Not all fats are unhealthy (see Fats and Oils) and small amounts are an important source of energy for children. They are also vital for the absorption for fat soluble vitamins A, D, E & K. The aim for all of us is to cut back on the unhealthy saturated and trans fats, and increase our intake of the healthy monounsaturated and omega 3 and 6 polyunsaturated fat

Five ways to a healthier lunchbox

Switch from white to wholemeal, wholegrain or rye bread

Swap juice and flavoured drinks for water. Or mix 100% fruit juice ½ and ½ with water. Freeze drinks in the summer to keep lunches cool

Leave the potato chips out. Instead pack home made popcorn, home made muesli bars etc

Include left-overs from last nights tea. Meatballs, pasta, omelette etc

Opt for fresh fruit salad or dried fruit medley instead of over-sweet fruit bars or roll-ups.

Check out School Lunches and Snacks for ideas on what to include in the lunchbox!

7 tips for a healthy family

Eat together as a family – Children who eat regularly with their families tend to have healthier diets than those who don’t. They also do better at school

Lead by example – Research shows that parents' own eating behaviours and their parenting practices influence the development of children's eating behaviours 1

Eat breakfast - We all need to eat breakfast – to ‘break the fast’ so to speak! Children and adults who skip breakfast are more likely to have weight problems and are unlikely to make up for nutritional shortfalls during the day. Breakfast eaters usually have healthier diets and are more likely to meet their nutritional needs of iron, calcium, B vitamins and fibre than those who don’t

Healthy drinking - Water is THE best drink for children. All children should be encouraged to drink plenty of water every day. Low fat milk is also an occasional healthy drink option as it is high in protein, vitamins and nutrients. It can be drunken plain, turned into a fruit smoothie or lightly flavoured. Although it may surprise some, fruit juice has a similar amount of sugar to soft drinks, which is why I recommend they be mixed 50:50 with water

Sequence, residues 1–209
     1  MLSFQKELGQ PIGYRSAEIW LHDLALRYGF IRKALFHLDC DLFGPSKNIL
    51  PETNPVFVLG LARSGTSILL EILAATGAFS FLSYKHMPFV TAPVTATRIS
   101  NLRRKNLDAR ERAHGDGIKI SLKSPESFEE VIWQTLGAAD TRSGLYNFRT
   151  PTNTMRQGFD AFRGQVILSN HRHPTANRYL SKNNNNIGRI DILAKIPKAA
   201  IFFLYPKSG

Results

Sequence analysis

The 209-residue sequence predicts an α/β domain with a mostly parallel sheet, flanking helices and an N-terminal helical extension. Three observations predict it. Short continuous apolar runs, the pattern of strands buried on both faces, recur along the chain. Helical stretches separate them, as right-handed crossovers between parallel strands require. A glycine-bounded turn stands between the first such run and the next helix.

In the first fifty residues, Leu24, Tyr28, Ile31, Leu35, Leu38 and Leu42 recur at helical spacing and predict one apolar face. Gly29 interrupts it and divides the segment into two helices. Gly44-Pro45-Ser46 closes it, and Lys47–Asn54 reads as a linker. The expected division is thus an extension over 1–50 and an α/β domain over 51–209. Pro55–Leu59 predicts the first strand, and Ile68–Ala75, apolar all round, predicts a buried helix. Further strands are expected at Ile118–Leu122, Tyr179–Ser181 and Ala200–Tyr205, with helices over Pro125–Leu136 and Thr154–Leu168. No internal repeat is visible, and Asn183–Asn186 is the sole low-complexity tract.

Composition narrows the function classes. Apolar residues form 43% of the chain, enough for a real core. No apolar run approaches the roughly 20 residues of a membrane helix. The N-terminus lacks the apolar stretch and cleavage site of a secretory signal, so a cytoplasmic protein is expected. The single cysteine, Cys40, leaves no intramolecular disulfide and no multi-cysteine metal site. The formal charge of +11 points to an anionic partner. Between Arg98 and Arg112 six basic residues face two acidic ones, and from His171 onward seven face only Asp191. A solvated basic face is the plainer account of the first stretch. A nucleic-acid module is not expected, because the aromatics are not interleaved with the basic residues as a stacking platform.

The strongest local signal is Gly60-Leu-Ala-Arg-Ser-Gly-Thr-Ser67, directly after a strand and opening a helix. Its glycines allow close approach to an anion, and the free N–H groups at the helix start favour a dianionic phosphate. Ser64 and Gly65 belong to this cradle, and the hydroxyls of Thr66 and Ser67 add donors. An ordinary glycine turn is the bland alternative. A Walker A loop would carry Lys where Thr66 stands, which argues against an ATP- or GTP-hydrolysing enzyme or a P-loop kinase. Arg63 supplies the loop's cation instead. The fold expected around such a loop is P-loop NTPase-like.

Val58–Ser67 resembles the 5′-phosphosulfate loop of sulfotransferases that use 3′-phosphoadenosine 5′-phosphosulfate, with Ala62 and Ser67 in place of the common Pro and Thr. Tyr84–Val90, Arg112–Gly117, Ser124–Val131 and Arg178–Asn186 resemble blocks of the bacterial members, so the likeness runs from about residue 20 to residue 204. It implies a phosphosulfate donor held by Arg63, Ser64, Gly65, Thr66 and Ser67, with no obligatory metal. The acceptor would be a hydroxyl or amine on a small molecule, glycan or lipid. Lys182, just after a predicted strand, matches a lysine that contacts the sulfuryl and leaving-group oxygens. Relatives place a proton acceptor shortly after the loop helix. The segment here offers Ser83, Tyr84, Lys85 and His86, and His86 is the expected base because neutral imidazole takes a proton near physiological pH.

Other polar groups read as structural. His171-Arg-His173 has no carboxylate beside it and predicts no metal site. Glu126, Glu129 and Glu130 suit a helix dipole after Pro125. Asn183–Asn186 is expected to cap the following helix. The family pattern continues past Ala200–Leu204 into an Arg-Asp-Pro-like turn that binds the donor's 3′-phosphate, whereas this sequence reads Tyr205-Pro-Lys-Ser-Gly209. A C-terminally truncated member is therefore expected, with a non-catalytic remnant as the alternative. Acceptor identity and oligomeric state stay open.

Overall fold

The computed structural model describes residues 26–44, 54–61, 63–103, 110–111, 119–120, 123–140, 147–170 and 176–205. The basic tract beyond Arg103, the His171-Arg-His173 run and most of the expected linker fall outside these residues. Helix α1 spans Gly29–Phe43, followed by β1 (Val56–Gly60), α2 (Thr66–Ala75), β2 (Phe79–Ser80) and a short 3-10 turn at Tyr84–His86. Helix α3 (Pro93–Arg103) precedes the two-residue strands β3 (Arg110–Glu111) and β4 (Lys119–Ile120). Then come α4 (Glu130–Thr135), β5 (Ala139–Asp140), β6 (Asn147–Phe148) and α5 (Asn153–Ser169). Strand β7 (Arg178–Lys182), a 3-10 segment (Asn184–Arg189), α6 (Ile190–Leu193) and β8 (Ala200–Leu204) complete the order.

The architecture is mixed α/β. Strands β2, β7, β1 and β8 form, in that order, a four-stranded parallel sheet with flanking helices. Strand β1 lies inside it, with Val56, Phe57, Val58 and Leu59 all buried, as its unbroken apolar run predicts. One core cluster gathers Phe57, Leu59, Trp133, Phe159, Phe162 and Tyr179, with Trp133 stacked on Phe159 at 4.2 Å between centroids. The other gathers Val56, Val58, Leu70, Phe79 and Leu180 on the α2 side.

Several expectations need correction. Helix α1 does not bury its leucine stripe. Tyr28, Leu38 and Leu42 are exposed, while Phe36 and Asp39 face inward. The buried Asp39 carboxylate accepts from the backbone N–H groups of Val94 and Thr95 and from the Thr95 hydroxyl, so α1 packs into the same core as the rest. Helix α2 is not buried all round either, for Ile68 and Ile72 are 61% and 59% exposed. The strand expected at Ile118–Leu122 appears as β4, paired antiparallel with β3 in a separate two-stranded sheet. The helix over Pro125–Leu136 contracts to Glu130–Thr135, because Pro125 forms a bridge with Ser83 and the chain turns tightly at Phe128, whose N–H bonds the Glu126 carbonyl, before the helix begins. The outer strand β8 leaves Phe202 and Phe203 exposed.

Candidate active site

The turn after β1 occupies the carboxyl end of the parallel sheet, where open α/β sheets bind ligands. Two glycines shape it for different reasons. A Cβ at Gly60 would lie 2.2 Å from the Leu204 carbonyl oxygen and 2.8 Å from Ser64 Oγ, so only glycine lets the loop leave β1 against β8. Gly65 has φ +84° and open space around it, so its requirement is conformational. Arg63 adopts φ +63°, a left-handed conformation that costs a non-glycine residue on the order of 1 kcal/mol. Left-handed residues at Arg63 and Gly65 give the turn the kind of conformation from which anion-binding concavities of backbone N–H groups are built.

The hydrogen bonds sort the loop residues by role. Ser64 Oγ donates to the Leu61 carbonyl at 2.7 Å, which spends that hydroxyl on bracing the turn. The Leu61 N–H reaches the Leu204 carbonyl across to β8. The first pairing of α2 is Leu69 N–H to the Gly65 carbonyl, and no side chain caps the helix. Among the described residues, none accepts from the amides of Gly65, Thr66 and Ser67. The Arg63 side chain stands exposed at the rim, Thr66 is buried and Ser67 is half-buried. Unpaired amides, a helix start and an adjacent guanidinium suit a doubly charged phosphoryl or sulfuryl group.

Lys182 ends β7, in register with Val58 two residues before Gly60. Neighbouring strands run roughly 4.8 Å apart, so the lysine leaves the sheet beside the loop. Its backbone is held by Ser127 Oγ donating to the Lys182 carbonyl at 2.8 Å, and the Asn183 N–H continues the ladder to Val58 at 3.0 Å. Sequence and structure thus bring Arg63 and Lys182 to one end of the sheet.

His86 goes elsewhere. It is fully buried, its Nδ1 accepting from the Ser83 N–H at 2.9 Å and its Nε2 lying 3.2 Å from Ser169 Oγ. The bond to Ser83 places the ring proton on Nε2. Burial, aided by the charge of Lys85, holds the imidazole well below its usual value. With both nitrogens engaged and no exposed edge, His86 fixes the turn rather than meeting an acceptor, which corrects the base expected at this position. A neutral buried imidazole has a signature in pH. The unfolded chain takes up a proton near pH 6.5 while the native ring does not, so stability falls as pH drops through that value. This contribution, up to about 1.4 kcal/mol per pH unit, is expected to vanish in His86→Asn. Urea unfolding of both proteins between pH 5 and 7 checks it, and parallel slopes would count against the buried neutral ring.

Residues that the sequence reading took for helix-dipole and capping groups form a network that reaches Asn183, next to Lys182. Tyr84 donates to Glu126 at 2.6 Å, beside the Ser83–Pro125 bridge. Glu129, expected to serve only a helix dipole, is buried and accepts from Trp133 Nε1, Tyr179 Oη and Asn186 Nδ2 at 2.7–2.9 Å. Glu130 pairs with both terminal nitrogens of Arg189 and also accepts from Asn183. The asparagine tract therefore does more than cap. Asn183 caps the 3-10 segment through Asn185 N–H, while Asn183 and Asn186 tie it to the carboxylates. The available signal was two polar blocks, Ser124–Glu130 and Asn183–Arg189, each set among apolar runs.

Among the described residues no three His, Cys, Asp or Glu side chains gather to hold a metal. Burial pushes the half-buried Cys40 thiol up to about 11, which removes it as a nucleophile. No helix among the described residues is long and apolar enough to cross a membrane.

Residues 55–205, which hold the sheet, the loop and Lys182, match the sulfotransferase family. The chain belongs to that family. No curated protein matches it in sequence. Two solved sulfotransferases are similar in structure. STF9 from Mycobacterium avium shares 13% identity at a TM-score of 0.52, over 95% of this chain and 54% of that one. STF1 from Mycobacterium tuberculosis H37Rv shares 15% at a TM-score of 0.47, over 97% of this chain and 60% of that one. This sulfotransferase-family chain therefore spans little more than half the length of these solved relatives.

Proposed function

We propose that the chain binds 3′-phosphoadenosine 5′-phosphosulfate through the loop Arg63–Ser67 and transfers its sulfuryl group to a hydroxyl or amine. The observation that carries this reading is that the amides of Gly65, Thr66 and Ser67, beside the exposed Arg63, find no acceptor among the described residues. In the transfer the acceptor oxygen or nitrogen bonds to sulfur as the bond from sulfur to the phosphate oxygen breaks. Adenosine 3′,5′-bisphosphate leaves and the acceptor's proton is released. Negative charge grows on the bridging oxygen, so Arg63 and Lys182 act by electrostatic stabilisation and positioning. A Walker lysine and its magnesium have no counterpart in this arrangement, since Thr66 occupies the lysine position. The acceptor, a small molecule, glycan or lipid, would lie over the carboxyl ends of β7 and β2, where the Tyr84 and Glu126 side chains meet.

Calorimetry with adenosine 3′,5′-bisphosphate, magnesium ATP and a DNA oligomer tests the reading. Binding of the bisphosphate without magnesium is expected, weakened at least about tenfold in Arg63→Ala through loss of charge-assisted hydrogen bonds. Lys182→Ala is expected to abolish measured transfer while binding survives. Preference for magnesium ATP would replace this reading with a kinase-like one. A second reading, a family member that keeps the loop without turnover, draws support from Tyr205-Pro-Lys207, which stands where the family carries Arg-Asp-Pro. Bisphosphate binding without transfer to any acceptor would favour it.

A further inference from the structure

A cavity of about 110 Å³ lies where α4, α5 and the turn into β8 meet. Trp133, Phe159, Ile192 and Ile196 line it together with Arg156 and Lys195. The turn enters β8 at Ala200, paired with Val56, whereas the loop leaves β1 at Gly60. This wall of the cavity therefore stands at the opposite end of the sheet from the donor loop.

Eating out and takeaways - Even though the pressure may be on to go to the local fast food chain, a restaurant may be the best chance at getting a healthy meal for your family. Try small or home style burgers with lots of salad; Thai stirfrys, rice and steamed veges; Italian risotto or pasta with tomato-based sauces, minestrone, gelato & Indian vege curries, dhal, chapattis etc etc. I’m sure you get the idea!

Involve everyone – Children are more likely to eat a healthy meal if they have had input into the selection and preparation of the meal

Grow vegetables with your kids - Plant a vegetable patch or if space is at a premium, grow some vegges in pots on the deck. Again, the more involved they are, the more likely they'll eat all the yummy healthy food they've helped grow.

And the other fantastic thing is that you'll be able to grow your garden organically - with no harmful chemicals.

What could be better than that!

1 Birch L & Davison K, 2001, ‘Family environmental factors influencing the developing behavioural controls of food intake and childhood overweight’, Paediatric Clinics of North America, vol. 48, no. 4, pgs 893-907